National Clearinghouse for English Language Acquisition
& Language Instruction Educational Programs (NCELA)
Funded by the U.S. Department of Education’s Office of English Language Acquisition, Language Enhancement, and Academic Achievement for LEP Students, the NCELA is a guide to the wide range of federal services for language minority students and a huge, well-organized resource for language learning research, data, policies, and teaching strategies. Some highlights: up-to-the-minute national and state/territorial demographic information, an excellent glossary, a vast language and education links section, and a classroom resources area.
Center for Applied Linguistics (CAL)
CAL’s mission is “to promote and improve the teaching and learning of languages, identify and solve problems related to language and culture, and serve as a resource for information about language and culture.” Its website does that splendidly, featuring extensive information for English language teachers. CAL is a good first stop when you’re researching ESL/bilingual teaching and learning topics; its links to databases, CAL-run services and outside links offer an multi-perspective, current panorama of just about anything you’d need to know.
Portraits of Success
A joint project of the National Association for Bilingual Education, Boston College, and the Northeast and Islands Regional Educational Laboratory at Brown University, Portraits of Success presents detailed profiles of seven distinct schools that are examples of successful bilingual education. Each profile include a description of the school’s bilingual program, student outcomes, community response, program funding, and contact information. The web site also contains a helpful annotated bibliography of research on effective bilingual practices.
The Internet TESL Journal
The Internet Teaching English as a Second Language (TESL) Journal is a monthly web publication featuring contributions from teachers worldwide talking about what works for them in the classroom. The Journal is an immensely practical and well-organized resource, and its emphasis on classroom practice makes it immediately relevant for teachers planning lessons and looking for effective strategies for pressing problems. Don’t miss teaching techniques section, full of ideas and solutions. For teachers interested in contributing ideas or articles, see the site for a clear and detailed submission process.
Education Week Hot Topics: Bilingual Education
In “Bilingual Education,” Education Week presents a concise summary of the history of and debates about bilingual education, ESL programs, and other related initiatives. The page includes links to relevant research, a wide spectrum of concerned organizations, and Education Week articles on English language learning. It’s a useful destination if you seek a broad overview of the bilingual /ESL landscape.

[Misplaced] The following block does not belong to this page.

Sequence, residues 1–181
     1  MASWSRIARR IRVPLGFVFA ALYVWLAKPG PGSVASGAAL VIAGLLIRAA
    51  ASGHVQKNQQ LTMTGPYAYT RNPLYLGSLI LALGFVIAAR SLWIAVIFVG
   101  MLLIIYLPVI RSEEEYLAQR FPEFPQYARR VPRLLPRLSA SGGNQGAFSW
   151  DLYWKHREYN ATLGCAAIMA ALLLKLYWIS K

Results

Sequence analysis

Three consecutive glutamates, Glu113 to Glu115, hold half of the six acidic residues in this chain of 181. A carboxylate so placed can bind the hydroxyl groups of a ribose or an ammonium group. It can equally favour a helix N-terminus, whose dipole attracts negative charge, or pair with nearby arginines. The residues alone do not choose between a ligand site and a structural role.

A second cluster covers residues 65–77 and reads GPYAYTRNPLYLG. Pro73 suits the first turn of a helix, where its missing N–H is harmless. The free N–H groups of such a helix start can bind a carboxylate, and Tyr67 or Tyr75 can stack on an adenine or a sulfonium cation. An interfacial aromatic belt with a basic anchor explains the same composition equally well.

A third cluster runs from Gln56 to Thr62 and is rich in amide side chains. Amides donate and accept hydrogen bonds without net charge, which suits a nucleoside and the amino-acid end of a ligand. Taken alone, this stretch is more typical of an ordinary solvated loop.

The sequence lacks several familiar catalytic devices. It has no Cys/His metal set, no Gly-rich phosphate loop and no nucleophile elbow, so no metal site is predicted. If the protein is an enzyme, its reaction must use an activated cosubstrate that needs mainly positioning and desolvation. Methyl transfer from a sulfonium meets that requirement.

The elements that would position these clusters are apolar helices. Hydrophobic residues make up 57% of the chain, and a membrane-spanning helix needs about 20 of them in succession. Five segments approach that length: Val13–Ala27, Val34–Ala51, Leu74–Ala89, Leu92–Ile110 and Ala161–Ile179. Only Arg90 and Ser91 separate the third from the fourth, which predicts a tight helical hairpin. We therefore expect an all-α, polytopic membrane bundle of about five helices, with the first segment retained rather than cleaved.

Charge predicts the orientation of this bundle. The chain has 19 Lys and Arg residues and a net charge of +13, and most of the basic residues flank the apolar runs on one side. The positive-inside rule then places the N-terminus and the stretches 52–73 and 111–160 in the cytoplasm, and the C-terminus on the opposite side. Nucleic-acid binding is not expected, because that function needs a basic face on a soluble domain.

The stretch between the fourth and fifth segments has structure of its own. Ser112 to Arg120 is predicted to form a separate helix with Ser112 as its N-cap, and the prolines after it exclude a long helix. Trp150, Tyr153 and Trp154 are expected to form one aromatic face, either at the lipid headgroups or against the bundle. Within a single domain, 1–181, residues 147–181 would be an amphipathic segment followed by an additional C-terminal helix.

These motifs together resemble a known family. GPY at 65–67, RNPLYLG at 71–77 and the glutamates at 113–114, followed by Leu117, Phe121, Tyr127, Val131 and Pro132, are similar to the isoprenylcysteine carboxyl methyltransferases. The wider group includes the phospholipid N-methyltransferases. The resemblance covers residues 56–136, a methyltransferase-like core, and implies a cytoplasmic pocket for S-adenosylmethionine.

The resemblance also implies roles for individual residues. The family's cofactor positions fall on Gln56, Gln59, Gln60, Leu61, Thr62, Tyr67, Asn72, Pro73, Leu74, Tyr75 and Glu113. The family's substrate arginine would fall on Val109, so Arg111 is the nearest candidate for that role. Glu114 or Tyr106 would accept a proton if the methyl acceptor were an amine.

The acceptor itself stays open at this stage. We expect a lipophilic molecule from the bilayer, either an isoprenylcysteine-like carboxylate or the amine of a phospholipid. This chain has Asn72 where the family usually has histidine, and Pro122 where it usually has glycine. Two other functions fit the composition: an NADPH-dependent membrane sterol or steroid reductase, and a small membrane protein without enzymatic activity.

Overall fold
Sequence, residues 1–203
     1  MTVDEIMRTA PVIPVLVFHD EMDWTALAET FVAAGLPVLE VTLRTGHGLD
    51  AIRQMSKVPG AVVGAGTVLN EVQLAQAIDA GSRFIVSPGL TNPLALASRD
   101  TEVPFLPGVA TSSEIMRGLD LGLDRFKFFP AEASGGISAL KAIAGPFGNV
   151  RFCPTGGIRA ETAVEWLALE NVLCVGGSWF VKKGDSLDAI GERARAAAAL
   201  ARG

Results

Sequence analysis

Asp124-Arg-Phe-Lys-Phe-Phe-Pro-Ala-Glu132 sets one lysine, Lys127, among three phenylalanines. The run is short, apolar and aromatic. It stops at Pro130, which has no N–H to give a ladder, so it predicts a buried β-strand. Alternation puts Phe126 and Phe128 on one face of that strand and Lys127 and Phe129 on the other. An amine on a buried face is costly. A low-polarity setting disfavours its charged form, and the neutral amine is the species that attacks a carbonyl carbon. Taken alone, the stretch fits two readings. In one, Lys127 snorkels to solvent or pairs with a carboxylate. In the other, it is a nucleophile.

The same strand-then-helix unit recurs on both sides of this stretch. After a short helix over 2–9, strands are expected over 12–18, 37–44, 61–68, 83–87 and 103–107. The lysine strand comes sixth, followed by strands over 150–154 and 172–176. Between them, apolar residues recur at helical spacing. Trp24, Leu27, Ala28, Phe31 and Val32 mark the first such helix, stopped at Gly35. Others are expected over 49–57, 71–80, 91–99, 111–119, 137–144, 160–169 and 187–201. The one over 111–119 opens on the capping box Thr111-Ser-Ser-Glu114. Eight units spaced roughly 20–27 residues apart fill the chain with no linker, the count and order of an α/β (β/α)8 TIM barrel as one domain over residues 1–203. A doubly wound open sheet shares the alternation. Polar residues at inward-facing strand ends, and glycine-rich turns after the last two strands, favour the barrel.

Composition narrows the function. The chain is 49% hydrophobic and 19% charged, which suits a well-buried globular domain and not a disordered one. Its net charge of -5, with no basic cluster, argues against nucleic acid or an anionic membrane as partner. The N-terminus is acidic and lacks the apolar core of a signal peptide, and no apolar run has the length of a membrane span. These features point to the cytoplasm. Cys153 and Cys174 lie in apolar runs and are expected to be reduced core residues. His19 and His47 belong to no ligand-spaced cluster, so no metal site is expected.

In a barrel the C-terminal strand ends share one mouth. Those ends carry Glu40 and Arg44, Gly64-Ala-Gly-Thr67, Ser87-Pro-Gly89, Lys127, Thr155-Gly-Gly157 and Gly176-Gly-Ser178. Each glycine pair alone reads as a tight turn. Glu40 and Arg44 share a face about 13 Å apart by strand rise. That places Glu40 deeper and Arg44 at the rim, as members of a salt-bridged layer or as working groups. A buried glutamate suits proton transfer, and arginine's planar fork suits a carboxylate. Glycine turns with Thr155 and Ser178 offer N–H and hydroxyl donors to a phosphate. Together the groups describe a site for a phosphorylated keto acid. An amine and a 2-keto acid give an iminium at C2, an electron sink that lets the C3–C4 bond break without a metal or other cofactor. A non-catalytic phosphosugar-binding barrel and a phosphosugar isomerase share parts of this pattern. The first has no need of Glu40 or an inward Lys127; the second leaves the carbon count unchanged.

Language Policy Web Site
Journalist James Crawford draws on his long career of reporting on English language learning matters to showcase research, policy analysis, articles, and books (his own and those by other authors), all with a definite bias toward promoting bilingual education and arguing against the policies and practices associated with the English-Only movement. Crawford’s work and collected information is a great way to learn more about the many influences on language learning policy. The site particularly assists those who are interested in understanding recent language policy-related legislative and judicial decisions and their effects, wanting to know more about the English -Only movement, and seeking more information about endangered Native American and other languages.
The Urban Institute describes itself as “a nonpartisan economic and social policy research organization” focused on urban issues, and its scope extends far beyond language pedagogy issues. Within its resources, the site presents a rich research section on immigration-related research, statistics, and policy analysis, immensely helpful to anyone working for the benefit of newly arrived immigrants and their families—that is, the majority of English language learners. The Urban Institute’s other featured information also contributes to making sense of the factors in the lives of many people from urban and/or economically disadvantaged backgrounds.
Teachers of English to Speakers of other Languages (TESOL)
A professional association of 14,000 English language educators, TESOL helps new and veteran TESOL teachers through its various publications, circulation of employment opportunities and annual convention. Other TESOL member services include access to email groups focused around specialized interests and opportunities to apply for awards and grants. The TESOL web site features a useful list of worldwide TESOL -related meetings, conventions and other events and collections of national and international TESOL advocacy news.